We had champions in each major division: the Department of Corrections, at Minnesota State Colleges and Universities, at the Department of Natural Resources, and at the State Capitol complex. So personal outreach is really how we got that participation rate.
Anna: You advocate the approach of going after low-hanging fruit as opposed to completing a deep retrofit. How has the energy financing animation been a useful tool for your messaging?
There is a big push right now for doing a deep retrofit, and its advocates consider the PBEEEP process as taking the low-cost and no-cost items off the table so that it’s more difficult to do these deep retrofits. We’ve always argued that it makes more sense to start with small projects and do bigger projects later. Whereas the other school of thought is do everything at once, finance it for a long term, and be happy with it. I don’t think that’s the best route. The financing animation really pulls it all together and effectively delivers the message.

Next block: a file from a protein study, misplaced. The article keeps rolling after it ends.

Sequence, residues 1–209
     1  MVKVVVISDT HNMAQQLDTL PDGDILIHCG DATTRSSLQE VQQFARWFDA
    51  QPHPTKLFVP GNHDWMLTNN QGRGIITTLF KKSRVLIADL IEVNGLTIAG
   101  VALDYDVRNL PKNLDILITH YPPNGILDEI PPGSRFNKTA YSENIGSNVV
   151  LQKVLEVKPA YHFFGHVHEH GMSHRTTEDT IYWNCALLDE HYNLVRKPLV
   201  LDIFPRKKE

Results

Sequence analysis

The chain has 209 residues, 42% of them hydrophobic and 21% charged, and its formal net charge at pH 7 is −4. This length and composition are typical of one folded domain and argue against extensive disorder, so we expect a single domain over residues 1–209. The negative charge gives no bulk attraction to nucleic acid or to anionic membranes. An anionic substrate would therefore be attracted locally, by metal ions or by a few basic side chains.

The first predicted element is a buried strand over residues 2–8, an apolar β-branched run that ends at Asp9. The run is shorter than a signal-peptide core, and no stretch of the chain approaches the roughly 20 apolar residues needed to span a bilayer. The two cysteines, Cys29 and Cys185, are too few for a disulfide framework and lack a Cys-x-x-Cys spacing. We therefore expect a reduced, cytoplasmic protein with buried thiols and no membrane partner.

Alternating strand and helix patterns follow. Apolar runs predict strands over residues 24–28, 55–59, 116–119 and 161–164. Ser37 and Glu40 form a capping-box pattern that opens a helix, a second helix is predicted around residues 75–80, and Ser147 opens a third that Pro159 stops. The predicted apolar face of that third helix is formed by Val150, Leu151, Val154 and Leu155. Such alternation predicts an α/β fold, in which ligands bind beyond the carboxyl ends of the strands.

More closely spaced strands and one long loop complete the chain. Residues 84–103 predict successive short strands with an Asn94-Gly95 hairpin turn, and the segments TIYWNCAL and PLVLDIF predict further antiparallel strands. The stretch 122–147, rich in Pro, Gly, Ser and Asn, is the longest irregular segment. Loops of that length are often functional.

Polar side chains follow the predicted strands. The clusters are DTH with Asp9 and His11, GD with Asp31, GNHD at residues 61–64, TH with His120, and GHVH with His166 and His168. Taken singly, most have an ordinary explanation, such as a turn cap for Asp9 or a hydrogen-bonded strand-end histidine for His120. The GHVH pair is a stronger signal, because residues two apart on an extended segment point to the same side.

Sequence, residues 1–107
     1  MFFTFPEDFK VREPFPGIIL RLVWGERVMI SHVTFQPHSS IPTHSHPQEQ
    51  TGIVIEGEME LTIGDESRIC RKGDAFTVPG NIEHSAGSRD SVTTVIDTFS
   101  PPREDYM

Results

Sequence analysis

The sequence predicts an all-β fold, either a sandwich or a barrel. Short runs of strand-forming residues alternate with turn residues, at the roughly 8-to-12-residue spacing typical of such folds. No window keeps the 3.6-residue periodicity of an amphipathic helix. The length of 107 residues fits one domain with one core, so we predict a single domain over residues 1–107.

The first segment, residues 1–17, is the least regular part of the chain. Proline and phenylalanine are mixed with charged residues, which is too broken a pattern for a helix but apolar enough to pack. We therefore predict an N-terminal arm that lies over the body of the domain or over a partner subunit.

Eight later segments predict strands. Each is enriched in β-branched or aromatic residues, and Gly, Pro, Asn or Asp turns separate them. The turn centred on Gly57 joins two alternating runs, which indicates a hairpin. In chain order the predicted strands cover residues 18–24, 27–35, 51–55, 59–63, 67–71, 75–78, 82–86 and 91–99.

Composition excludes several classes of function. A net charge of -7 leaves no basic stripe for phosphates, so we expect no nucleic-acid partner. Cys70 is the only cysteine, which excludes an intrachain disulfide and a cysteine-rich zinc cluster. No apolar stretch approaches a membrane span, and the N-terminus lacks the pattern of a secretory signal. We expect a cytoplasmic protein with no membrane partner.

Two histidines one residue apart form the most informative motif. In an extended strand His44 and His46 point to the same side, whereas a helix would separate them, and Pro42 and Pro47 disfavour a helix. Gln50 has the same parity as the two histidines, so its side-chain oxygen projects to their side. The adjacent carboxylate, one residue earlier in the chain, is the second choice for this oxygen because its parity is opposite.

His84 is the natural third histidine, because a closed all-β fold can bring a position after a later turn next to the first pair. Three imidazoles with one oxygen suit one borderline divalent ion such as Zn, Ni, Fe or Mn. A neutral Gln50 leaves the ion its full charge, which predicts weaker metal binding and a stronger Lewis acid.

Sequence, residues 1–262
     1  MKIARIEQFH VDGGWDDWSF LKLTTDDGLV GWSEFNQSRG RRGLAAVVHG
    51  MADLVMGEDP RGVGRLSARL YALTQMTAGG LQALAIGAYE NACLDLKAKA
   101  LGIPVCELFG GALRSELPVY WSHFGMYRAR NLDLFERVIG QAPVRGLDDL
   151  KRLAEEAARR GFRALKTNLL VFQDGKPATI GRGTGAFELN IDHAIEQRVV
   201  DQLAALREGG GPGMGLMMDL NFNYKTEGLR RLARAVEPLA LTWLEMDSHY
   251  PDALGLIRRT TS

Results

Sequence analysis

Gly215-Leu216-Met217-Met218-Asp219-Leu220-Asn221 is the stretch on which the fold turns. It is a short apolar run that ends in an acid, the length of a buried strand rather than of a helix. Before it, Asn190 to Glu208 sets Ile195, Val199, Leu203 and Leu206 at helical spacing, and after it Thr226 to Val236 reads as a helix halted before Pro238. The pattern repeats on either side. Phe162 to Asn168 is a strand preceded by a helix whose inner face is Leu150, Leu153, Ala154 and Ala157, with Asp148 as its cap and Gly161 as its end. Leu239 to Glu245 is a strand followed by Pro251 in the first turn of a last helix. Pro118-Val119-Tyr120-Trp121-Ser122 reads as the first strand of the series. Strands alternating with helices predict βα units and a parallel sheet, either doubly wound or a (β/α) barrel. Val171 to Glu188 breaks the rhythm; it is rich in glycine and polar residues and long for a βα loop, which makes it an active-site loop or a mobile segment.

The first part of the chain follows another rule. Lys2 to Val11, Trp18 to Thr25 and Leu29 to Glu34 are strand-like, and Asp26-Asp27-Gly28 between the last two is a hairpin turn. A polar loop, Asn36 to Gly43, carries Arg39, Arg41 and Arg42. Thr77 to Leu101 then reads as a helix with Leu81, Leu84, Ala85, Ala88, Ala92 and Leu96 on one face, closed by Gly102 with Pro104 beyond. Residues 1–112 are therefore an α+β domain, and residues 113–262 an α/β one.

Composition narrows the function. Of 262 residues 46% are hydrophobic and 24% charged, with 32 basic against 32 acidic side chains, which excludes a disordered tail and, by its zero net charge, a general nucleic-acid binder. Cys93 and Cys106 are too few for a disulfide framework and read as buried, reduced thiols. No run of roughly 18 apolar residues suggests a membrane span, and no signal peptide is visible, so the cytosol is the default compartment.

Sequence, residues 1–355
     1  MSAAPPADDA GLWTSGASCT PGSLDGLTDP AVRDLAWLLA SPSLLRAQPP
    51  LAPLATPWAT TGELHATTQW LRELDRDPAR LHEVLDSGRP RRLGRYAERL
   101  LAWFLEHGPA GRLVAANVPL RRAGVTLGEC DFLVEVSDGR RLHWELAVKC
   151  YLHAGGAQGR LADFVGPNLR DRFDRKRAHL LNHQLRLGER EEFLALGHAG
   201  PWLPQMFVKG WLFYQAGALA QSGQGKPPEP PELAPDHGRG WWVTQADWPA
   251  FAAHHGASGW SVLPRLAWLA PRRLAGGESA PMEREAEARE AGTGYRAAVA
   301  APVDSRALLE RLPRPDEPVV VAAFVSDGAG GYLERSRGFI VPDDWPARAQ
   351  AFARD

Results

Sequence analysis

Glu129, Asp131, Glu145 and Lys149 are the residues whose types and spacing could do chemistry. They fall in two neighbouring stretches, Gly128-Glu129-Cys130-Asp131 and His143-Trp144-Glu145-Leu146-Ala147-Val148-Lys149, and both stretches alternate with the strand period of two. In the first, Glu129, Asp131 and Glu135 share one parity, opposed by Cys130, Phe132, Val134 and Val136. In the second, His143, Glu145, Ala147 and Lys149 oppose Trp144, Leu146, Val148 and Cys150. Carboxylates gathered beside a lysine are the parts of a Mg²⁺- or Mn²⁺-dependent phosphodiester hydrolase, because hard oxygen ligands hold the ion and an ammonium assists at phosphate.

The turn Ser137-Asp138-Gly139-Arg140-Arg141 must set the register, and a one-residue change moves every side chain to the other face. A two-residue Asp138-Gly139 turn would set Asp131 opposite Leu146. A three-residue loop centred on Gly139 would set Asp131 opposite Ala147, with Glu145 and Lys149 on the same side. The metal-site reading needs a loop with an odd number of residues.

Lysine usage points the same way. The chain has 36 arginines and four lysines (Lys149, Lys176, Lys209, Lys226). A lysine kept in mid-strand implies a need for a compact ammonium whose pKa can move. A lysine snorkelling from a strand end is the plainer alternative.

Anna: How did you come up with the idea for a customized operations manual?
The State requested we develop a way to ensure the equipment worked correctly after it was installed. We considered the standard offerings, like a class on how to operate a boiler. But facilities managers knew how to run a boiler, they needed to know how to run THEIR boilers and how their systems are operated. So we customized manuals for their site, their equipment, and their automation screens.
Facility people have shelves full of equipment manuals that are of limited utility because they’re completely generic. A manual often includes information about multiple models of a piece of equipment like a chiller, without indicating which specific model you have. There’s not a good connection between the paperwork and what’s actually installed at the location.